Islamsk Råd Norge faces controversy
Norwegian Muslims plan replacement Islamic council
Some 30,000 Norwegian Muslims could change membership to a new umbrella organization set up to replace the controversy-hit Islamsk Råd Norge (Islamic Council Norway, IRN). The purpose of the breakaway organization would be near-identical to that of IRN.
“I see no other option,” Basim Ghozlan, trustee at the Rabita Mosque in Oslo, told Klassekampen.
IRN’s employment of niqab-wearing Leyla Hasic as an administrative consultant has sparked extensive debate on the council’s role in promoting dialogue between Muslim communities and the rest of Norwegian society.
The appointment of 32-year-old Leyla Hasic as an administrative consultant by Islamic Council Norway comes soon after the Ministry of Culture (Kulturdepartementet) granted almost half a million kroner ($59,000) to help the organization with initiatives aimed at improving dialogue between Muslim communities and the rest of society, reports news media Klassekampen.
But Minister of Culture Linda Hofsted Helleland wrote in a Facebook post that the appointment by the council would “create distance and less understanding.”
Muslim politician Abid Raja of the centrist Liberal (Venstre) party was also critical of IRN, reports broadcaster NRK. “I am deeply disappointed with IRN’s conduct. It is all-advised and undermines the relationship of trust that Muslims themselves are in need of building between themselves and the rest of Norwegian society,” wrote Raja.
“What somebody has under their skin is more important than what they have on their skin,” IRN’s general secretary Mehtab Afsar told Klassekampen.
Both the Bosnian and Albanian mosques in the capital have already announced that they would leave the umbrella of Muslim organizations represented by the council. The combined membership of the two mosques is 14,000.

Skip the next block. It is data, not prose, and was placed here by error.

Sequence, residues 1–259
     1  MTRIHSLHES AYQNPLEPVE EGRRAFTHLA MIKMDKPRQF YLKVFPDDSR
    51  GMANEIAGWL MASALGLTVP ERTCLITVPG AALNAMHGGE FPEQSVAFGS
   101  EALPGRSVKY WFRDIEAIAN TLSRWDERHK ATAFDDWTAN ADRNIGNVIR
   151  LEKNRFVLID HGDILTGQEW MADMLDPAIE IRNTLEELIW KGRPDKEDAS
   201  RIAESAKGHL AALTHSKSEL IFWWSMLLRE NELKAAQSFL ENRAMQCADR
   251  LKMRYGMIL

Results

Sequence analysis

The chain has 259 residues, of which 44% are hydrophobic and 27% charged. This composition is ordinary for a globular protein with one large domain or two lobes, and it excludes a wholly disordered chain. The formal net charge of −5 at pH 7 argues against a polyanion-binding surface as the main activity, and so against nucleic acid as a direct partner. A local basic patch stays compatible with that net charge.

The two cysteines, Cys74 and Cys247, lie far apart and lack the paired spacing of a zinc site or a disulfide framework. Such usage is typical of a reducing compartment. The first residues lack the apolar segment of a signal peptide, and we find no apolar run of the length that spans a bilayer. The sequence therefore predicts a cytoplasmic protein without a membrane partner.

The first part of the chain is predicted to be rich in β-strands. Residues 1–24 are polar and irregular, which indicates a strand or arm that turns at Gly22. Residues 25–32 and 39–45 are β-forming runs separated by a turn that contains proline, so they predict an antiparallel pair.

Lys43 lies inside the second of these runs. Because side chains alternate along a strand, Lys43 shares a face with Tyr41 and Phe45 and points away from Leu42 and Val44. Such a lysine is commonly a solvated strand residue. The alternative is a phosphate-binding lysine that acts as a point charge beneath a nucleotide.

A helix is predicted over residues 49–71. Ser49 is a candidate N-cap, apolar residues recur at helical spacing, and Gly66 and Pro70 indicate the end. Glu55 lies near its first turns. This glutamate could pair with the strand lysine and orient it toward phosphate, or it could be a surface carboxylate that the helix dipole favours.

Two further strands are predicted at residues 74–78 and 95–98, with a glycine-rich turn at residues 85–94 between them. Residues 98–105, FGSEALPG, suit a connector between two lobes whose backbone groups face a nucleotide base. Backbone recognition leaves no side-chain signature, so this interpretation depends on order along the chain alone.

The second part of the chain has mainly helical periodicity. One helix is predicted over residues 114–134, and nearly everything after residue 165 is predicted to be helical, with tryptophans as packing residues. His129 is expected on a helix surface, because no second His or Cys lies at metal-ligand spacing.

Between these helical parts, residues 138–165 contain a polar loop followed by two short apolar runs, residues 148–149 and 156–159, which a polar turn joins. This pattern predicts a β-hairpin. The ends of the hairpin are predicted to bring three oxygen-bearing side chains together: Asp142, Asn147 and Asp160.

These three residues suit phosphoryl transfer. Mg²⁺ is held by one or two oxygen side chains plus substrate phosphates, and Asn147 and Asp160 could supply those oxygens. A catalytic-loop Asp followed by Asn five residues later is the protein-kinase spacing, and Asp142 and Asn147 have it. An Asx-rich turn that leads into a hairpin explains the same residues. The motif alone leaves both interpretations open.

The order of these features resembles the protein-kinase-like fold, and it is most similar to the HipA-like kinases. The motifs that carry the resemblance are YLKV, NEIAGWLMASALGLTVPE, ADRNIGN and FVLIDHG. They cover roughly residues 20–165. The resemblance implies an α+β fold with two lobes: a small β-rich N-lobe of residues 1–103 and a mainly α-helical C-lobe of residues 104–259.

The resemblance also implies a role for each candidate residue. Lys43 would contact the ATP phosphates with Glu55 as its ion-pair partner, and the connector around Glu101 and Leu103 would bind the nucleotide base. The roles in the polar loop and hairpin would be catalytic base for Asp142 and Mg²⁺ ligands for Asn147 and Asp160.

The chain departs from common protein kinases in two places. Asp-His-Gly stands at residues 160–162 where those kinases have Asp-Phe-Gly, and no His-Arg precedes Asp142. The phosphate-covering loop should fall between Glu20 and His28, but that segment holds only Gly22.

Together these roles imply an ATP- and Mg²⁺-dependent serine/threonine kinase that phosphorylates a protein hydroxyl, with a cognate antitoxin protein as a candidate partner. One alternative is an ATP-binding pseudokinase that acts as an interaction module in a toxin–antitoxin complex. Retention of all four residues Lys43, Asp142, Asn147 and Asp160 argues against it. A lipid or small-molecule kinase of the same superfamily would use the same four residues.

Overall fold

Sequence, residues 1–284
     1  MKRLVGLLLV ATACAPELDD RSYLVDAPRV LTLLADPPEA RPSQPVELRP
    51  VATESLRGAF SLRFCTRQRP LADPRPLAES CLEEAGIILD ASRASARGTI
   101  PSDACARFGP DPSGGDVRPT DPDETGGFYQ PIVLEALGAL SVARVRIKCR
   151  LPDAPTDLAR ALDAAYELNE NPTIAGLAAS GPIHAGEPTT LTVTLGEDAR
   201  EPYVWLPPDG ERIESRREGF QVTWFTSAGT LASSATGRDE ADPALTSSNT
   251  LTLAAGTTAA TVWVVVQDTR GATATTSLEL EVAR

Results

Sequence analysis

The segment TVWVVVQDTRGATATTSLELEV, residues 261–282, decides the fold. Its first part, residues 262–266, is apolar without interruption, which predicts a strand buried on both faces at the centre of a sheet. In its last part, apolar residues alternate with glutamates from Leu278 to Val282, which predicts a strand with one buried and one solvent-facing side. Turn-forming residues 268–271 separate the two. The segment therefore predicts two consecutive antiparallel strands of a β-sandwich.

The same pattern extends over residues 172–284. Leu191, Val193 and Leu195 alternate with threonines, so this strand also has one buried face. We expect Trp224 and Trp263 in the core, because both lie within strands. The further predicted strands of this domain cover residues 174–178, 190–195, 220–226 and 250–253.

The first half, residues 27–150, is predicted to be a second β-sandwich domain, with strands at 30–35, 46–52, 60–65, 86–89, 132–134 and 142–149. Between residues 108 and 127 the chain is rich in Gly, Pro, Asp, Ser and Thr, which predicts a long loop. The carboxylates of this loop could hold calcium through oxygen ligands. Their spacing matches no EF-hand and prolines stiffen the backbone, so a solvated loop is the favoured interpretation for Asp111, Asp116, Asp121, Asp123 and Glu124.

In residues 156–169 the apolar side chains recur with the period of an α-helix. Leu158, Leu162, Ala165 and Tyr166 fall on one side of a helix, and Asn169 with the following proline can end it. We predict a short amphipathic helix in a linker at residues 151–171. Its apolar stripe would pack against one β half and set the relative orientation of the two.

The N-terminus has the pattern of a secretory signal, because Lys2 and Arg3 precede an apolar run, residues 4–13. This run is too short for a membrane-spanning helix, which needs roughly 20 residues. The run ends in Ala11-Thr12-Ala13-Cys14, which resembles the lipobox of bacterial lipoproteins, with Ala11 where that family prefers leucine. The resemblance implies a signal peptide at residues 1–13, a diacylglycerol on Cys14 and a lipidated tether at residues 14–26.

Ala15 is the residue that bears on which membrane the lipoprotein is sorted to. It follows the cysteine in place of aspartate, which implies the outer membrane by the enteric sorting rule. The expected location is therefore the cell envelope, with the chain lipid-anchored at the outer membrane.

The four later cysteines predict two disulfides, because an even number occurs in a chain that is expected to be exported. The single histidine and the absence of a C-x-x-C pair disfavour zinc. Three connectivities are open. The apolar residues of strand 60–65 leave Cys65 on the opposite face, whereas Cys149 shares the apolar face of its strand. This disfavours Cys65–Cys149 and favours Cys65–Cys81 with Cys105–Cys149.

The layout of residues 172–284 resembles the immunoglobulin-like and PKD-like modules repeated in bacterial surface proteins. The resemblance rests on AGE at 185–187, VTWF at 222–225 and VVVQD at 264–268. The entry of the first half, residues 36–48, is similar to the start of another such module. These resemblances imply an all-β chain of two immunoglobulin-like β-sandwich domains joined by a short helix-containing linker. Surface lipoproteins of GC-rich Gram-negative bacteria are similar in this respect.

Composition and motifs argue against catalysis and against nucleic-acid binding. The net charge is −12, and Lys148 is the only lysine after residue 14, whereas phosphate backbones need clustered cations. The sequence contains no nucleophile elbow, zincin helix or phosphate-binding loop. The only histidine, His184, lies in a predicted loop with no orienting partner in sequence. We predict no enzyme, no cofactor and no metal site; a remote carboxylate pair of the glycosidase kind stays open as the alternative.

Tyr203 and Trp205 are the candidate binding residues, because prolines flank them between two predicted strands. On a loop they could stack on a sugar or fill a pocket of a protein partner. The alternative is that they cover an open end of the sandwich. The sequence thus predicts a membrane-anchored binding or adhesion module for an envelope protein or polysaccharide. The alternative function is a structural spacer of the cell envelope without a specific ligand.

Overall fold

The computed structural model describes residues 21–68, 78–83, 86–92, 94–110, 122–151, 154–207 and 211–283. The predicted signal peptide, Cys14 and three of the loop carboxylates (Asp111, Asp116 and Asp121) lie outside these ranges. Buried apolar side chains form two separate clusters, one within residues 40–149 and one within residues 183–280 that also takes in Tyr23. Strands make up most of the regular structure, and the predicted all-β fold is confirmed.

Three other mosques—Islamic Cultural Centre and Central Jamaat-e Ahl-e Sunnat, along with the Rabita Mosque—have also begun to withdraw their memberships. The three represent some of Norway’s largest and oldest mosques, according to Klassekampen.
Ghozlan said that he had decided to start an alternative organization because he felt that IRN in its current form was not fulfilling its mandate.
“On one hand we want to have an ongoing dialogue with general society, fight misunderstandings, and prevent distrust. On the other hand we want to strengthen collaboration between Muslim organizations,” he told Klassekampen.
Ghozlan pointed out that he began the process of setting up a new organization prior to IRN’s hiring of Hasic.
Afsar told broadcaster NRK that membership of the organization was voluntary. “We cannot force members to stay. If one or two leave, we will still be an umbrella organization,” he said.
This article was originally published on The Local.
It also appeared in the April 7, 2017, issue of The Norwegian American. To subscribe, visit SUBSCRIBE or call us at (206) 784-4617.